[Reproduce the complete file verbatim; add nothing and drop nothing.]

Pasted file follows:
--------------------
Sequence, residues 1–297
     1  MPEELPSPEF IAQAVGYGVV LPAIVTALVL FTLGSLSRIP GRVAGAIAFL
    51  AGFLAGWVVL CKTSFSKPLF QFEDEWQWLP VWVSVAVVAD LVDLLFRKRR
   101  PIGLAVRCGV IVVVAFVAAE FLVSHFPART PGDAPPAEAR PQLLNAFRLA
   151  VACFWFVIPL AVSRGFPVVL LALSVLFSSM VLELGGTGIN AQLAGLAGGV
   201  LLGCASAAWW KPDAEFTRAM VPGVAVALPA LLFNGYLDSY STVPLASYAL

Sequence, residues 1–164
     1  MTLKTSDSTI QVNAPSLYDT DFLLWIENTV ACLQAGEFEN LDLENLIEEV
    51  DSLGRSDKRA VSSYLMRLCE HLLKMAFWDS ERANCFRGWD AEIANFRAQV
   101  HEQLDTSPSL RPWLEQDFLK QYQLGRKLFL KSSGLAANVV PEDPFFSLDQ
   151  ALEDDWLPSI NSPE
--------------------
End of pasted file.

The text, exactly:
Sequence, residues 1–297
     1  MPEELPSPEF IAQAVGYGVV LPAIVTALVL FTLGSLSRIP GRVAGAIAFL
    51  AGFLAGWVVL CKTSFSKPLF QFEDEWQWLP VWVSVAVVAD LVDLLFRKRR
   101  PIGLAVRCGV IVVVAFVAAE FLVSHFPART PGDAPPAEAR PQLLNAFRLA
   151  VACFWFVIPL AVSRGFPVVL LALSVLFSSM VLELGGTGIN AQLAGLAGGV
   201  LLGCASAAWW KPDAEFTRAM VPGVAVALPA LLFNGYLDSY STVPLASYAL

Sequence, residues 1–164
     1  MTLKTSDSTI QVNAPSLYDT DFLLWIENTV ACLQAGEFEN LDLENLIEEV
    51  DSLGRSDKRA VSSYLMRLCE HLLKMAFWDS ERANCFRGWD AEIANFRAQV
   101  HEQLDTSPSL RPWLEQDFLK QYQLGRKLFL KSSGLAANVV PEDPFFSLDQ
   151  ALEDDWLPSI NSPE